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In Chikankari, the variety of work and fabric is diverse. It can range from a simple cotton kurta for summers to silk kurta for winters. The different forms of embroidery include :
Taipchi: A long running or darning to form the outline of the chosen motif
Bakhia: or shadow work has two kinds: ulti and sidhi.
Phanda: Millet-shaped stitches used to make flowers and patterns like grape vines
Murri: rice-shaped minute stitches
Jali: Normally worked by tearing apart the threads of the cloth and preparing minute buttonhole stitches
Keel kangan: is used to enhance floral motifs and butties
Hool: is a fine detached eyelet stitch. Worked with six threads it forms the heart of a flower
Zanzeera: A small extremely fine chain stitch, it is used to finally outline the leaf/petal shapes after one or more outlines have been worked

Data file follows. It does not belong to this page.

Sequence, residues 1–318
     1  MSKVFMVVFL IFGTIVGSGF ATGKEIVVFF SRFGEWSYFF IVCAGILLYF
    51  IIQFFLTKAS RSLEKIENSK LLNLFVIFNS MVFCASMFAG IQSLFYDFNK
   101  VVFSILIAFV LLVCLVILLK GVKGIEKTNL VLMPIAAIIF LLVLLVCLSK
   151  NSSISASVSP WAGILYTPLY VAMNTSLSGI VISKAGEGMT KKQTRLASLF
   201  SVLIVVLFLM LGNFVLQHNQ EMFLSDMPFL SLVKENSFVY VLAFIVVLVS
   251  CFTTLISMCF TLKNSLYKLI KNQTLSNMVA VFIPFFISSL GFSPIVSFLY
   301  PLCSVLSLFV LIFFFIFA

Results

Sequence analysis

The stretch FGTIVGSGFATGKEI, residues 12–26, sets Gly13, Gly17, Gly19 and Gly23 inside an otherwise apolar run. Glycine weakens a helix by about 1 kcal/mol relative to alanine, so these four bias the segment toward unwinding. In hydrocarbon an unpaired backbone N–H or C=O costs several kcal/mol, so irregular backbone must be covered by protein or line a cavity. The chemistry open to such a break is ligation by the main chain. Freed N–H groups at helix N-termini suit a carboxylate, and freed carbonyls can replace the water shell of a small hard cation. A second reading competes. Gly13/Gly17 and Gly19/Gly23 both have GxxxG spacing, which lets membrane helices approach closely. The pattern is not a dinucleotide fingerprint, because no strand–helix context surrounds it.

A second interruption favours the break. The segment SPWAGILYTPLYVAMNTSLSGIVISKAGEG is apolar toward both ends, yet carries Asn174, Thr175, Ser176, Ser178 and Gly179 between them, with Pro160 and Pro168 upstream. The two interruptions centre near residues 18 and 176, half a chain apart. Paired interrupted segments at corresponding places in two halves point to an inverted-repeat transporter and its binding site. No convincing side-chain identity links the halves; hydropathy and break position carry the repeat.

Rahet: A stem stitch, it is rarely used in its simple form but is common in the double form of dohra bakhiya
Banarsi: A twisted stitch worked with six threads on the right side of the fabric
Khatau: similar to Bakhia, but finer, it is a form of applique. The design is prepared on calico, placed over the surface of the final fabric and then paisley and floral patterns are stitched on to it
Turpai and Darzdari are also significant in chikan work.